Some artists spend years trying to find their voice. Their style. Their cause. Their sense of self. But Alicia Keys isn’t one of them. She knows who she is, what she stands for, and what she wants. So much so, that when she’s asked to describe herself in five words, she doesn’t fluster, or even pause to gather her thoughts. Instead, she rambles off a list of powerful descriptors—fierce, focused, fluid, loving, and empowered—as if she knew the question was coming. Maybe she can read minds? Maybe she’s been asked the query a dozen times before? Or maybe, just maybe, she knows herself that well.
“Five years ago, the word ‘tired’ would probably have been up in there,” she tells Haute Living with a laugh. “I don’t feel tired now because I have a better concept of balance. It comes through experience—understanding what non-balance is and then making the choice to actually implement some balance. Sometimes, I find myself on the whole other side of the spectrum of crazy, and then I think, this is too much, and I definitely need to find my way back. I think experience is what does it.”
With 14 Grammy awards, five chart-topping albums, and more than 35 million records sold, it’s safe to say that Keys is one of the most experienced musicians in the world. But that experience, she says, comes from being open to change. “I’ve evolved as an artist in so many ways,” she reveals. “I’ve been exposed to so many things from life and womanhood… music styles, clarity of self, and self-purpose. Musically I’ve evolved, lyrically I’ve definitely evolved, emotionally I’ve totally evolved, and physically I’ve evolved. There’s been a lot of evolution!”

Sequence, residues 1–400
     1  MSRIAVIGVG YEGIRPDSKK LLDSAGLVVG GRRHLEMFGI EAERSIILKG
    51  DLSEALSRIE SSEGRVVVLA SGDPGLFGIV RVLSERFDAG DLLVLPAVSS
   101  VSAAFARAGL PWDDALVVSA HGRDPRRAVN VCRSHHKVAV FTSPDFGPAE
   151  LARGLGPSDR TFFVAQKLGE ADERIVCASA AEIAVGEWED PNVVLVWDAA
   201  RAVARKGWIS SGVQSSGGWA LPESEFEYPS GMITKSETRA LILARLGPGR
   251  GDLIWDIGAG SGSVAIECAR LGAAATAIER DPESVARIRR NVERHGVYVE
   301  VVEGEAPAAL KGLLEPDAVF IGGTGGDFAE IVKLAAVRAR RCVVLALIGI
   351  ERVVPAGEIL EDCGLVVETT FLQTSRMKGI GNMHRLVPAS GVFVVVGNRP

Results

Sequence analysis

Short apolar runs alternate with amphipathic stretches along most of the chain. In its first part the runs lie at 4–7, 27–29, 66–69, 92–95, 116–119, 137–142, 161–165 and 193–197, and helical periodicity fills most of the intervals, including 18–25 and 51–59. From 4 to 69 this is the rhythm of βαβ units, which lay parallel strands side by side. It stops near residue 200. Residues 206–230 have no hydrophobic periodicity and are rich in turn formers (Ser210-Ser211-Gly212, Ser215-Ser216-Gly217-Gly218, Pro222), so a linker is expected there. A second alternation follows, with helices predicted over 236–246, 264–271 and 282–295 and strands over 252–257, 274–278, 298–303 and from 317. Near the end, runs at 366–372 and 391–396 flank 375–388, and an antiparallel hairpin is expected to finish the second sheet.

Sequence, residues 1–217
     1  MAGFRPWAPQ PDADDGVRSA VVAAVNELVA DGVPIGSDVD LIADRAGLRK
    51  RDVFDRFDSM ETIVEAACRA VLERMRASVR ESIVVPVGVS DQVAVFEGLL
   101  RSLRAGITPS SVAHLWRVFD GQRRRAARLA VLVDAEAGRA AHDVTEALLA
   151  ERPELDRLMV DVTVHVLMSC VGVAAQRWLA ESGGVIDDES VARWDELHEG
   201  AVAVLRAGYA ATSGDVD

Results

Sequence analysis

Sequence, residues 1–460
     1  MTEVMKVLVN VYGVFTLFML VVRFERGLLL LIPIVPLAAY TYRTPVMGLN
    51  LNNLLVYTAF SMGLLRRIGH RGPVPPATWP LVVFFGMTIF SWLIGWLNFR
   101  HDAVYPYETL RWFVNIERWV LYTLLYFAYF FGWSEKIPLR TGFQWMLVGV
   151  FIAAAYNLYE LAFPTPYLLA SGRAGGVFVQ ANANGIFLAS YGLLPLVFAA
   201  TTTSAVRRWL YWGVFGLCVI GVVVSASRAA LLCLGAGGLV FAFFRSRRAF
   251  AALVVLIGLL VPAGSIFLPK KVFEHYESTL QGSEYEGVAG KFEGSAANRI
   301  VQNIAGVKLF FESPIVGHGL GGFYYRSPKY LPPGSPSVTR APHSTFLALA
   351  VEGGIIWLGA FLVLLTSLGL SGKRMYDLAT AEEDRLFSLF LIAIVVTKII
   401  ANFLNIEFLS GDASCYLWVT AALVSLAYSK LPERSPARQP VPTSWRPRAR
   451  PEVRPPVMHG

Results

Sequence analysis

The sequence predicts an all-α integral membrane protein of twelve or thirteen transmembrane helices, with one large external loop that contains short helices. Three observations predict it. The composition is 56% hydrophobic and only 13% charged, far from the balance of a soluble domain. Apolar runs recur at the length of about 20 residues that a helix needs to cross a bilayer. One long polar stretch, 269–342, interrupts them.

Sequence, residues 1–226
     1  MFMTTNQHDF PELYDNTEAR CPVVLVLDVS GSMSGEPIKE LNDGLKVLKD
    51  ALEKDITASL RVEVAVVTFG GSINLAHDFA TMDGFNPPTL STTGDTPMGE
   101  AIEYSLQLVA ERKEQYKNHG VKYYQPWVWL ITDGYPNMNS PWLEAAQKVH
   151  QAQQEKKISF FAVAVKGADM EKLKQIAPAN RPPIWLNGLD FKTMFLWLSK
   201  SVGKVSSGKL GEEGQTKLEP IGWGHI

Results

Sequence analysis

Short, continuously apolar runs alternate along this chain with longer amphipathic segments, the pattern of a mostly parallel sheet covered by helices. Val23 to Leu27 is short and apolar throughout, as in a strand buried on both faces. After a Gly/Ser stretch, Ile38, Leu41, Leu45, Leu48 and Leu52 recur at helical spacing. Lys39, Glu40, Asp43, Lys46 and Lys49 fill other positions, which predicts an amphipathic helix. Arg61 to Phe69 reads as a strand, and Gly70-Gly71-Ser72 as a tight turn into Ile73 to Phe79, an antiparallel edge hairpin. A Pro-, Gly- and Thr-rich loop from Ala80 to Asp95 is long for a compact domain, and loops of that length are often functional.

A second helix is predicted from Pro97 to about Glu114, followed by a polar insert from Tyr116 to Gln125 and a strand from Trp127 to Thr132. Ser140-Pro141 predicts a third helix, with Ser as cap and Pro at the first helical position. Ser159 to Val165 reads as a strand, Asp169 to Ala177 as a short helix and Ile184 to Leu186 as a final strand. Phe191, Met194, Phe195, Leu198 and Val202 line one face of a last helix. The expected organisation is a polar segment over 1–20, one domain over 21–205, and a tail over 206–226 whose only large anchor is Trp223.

For Keys, the journey began at the age of seven when she started playing the piano—a hand-me-down from a family friend—in the small Hells Kitchen apartment she shared with her mother. After graduating from Manhattan’s prestigious Professional Performing Arts School at 16, Keys spent a short stint at Columbia University, but dropped out to further her burgeoning music career.
And she hasn’t slowed down since. Her songwriting process—a culmination of real-life scenarios sparked by conversations, books, movies, and family issues—remains the same after all these years. “I think I could technically sit down and write at any time, but it still has to be based on a reason or to vocalize a feeling,” she explains. “It’s definitely about an urge—a feeling, an emotion. It’s important that the feeling is present so that it comes together in a way that comes from somewhere truthful.”
Keys’ latest single, a soulful power ballad entitled “We Are Here,” tackles a variety of societal issues—ranging from conflict in the Middle East, to violence in Chicago, to absentee fathers, to educational deficits throughout the US—and serves as a call to action for her legion of fans. “People definitely want to do something but where do they start? Who do they connect with? How do they actually make an impact? How does that make a change?” she asks, a resounding fervor in her voice.